"Self-insured" who complies with self-insurance law is not financially irresponsible but rather is meeting the state's required minimum, and the self-insurer does not become financially irresponsible just because it chooses the state-permitted option not to insure above the minimum. Nationwide Gen. Ins. Co. v. Parnham, 182 Ga. App. 823, 357 S.E.2d 139 (1987) (decided under former O.C.G.A. § 33-34-2).

Exclusion in a car rental agreement excluding liability coverage for violations of a use restriction pertaining to driving under the influence was invalid to the extent of the mandatory minimum liability coverage. Ryan v. Boyd, 911 F. Supp. 524 (M.D. Ga. 1996).

Declaratory judgment as to whether rental company was self-insurer was improper.

- In a widow's wrongful death action against rental truck companies, the widow's declaratory judgment claim under O.C.G.A. § 9-4-2 seeking a determination that the companies did not qualify as self-insurers under O.C.G.A. §§ 33-34-2(4) and33-34-5.1 and, thus, could be liable for damages under O.C.G.A. § 33-34-3, should have been dismissed because the widow had no direct relationship with the companies, the widow had only a hypothetical and generalized economic interest, and the widow was not in a position of uncertainty. U-Haul Co. of Arizona v. Rutland, 348 Ga. App. 738, 824 S.E.2d 644 (2019).

No-fault benefits denied for homicide following vehicular abduction.

- When the insured automobile was not used to murder the victim nor was the focus of the crime, but was simply used to transport the victim to another state, the use of the vehicle was too remote and attenuated to establish the required causal nexus, such that the spouse was not entitled to a survivor's no-fault benefits. USAA Property & Cas. Ins. Co. v. Wilbur, 207 Ga. App. 57, 427 S.E.2d 49 (1993).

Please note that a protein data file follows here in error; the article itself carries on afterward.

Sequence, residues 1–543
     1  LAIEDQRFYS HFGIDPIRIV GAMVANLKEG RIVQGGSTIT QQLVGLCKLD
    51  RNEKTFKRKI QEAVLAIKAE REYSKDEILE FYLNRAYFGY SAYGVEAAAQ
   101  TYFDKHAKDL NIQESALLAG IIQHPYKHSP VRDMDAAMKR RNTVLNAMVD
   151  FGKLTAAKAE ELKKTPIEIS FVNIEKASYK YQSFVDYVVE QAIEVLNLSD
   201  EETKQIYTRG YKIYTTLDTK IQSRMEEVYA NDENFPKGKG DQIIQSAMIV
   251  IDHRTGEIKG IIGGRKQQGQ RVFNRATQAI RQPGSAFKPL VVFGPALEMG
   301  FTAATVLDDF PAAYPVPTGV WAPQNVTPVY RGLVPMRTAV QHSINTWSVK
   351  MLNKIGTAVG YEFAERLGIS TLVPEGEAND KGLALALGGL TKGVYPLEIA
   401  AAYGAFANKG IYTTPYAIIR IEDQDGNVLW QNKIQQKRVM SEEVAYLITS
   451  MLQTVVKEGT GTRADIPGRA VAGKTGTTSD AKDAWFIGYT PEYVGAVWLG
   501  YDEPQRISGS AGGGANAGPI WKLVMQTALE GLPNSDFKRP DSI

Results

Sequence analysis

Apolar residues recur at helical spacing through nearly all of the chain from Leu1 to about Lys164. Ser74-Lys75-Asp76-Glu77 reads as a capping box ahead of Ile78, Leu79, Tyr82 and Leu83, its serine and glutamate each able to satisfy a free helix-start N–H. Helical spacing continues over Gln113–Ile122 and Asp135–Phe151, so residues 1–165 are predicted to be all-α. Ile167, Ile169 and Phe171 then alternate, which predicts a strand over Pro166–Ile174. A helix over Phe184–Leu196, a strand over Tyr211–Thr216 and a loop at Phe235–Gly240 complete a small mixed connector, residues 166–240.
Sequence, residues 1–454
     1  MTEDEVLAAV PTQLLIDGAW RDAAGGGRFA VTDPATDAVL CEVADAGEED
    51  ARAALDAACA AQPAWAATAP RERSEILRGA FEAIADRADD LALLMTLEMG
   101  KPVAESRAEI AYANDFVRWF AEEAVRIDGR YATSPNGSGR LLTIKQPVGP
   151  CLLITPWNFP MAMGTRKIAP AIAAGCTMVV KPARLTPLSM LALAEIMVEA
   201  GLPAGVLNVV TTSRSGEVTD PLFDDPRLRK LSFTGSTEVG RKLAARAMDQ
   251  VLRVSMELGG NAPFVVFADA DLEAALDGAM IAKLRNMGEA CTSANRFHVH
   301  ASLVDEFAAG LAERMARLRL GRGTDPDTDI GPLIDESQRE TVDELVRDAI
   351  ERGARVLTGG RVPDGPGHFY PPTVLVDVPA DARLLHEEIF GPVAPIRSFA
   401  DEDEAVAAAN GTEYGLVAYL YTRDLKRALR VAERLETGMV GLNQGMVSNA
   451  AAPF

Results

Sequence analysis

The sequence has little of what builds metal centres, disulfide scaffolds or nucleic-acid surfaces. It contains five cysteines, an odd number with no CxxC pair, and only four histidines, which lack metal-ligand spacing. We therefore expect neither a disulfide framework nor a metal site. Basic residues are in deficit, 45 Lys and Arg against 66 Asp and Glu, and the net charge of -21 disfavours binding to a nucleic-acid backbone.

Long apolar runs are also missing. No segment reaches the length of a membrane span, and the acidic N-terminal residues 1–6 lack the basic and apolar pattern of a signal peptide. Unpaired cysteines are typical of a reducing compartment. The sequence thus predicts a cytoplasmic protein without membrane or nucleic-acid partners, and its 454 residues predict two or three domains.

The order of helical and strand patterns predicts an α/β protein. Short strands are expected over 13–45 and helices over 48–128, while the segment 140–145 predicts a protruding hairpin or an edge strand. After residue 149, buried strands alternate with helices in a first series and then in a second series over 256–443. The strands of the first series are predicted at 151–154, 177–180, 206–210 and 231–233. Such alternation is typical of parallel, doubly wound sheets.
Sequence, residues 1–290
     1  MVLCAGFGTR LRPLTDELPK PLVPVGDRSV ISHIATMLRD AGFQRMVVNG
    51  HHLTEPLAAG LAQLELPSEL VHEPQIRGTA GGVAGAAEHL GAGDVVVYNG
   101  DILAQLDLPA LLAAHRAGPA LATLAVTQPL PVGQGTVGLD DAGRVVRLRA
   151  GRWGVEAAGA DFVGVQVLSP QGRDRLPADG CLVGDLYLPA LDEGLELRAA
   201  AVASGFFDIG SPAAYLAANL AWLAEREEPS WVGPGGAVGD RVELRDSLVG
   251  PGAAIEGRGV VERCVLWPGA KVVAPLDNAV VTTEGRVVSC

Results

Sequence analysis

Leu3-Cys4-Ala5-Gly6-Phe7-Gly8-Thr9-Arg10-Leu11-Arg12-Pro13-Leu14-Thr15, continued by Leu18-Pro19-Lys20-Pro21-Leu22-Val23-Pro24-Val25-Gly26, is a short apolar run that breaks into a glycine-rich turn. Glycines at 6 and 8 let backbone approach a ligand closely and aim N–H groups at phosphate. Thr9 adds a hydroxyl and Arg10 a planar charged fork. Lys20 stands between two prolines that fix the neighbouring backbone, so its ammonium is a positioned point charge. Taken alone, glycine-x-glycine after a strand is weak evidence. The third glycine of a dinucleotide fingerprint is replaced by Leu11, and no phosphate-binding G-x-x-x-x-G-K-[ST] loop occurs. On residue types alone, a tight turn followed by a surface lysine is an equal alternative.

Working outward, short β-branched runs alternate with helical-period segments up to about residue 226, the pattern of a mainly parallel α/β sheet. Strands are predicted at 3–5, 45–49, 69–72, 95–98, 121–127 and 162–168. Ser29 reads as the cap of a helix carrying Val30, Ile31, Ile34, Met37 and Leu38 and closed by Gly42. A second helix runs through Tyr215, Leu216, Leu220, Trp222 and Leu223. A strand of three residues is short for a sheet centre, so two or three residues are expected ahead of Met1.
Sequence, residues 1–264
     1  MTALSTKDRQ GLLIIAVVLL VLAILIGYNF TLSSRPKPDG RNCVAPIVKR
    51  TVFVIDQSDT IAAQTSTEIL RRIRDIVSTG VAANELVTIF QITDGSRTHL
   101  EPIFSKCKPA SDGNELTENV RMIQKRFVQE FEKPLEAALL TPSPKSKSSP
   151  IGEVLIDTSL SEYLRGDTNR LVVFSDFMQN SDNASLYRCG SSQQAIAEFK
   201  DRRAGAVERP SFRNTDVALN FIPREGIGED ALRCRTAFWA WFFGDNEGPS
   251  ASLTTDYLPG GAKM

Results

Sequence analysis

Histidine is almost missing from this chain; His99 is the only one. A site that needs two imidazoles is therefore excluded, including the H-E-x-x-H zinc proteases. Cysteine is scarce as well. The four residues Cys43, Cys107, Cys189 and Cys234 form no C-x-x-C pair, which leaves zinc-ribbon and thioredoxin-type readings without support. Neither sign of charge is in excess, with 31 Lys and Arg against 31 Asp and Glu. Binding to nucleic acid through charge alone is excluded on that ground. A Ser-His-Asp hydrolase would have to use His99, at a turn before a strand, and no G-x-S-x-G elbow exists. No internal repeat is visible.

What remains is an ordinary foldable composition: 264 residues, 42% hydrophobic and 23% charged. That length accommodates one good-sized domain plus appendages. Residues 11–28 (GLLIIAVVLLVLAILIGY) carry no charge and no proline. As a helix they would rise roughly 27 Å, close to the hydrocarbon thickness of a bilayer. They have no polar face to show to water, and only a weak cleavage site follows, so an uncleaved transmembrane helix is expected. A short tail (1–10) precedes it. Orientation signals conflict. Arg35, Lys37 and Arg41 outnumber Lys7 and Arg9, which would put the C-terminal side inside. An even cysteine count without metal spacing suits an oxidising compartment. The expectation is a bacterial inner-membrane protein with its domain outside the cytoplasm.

Cited in Georgia Farm Bureau Mut. Ins. Co. v. Martin, 264 Ga. 347, 444 S.E.2d 739 (1994); Hewell v. Walton County, 292 Ga. App. 510, 664 S.E.2d 875 (2008).


Editor's notes.

- In light of the similarity of the statutory provisions, opinions under Ga. L. 1974, p. 113, § 2, are included in the annotations for this Code section.

Legislative intent regarding certification of self-insurers.

- Manifest legislative intent, as it appears in the definition of "self-insurer" and as a whole, is for the Department of Public Safety to certify as self-insurers only those owners who undertake to provide reparations on the same terms and conditions as an insurer. 1974 Op. Att'y Gen. No. 74-86 (decided under Ga. L. 1974, p. 113, § 2; but see 1975 Op. Att'y Gen. 75-42).

Self-insurers deemed regulated entities.

- Self-insurance funds for automobile liability are regulated entities for purposes of O.C.G.A. § 21-5-30.1. 1994 Op. Att'y Gen. No. 94-20.



- Motorcycle as within contract, statute, or ordinance in relation to motor cars, motor-driven cars, etc., 70 A.L.R. 1253.

Insurance against injuring property or person of third person as liability of indemnity insurance, 83 A.L.R. 677; 117 A.L.R. 239.

Trailers as affecting automobile insurance, 31 A.L.R.2d 298; 65 A.L.R.3d 804.

Meaning of "operate" or "being operated" within clause of automobile liability policy limiting its coverage, 51 A.L.R.2d 924.

Automobile insurance: when is a person "occupying" an automobile within meaning of medical payments provision, 42 A.L.R.3d 501.

What constitutes "commercial automobile" within exclusion from death or disability benefit provided by automobile policy, 66 A.L.R.3d 424.

Motorcycle as within automobile liability policy provision covering temporary or infrequent use of other automobiles, 66 A.L.R.3d 451.

Who is "named insured" within meaning of automobile insurance coverage, 91 A.L.R.3d 1280.

What constitutes "private passenger automobile" in insurance policy provisions defining risks covered or excepted, 11 A.L.R.4th 475.

Automobile insurance: what constitutes "occupying" under owned-vehicle exclusion on uninsured or underinsured motorist coverage of automobile insurance policy, 59 A.L.R.5th 191.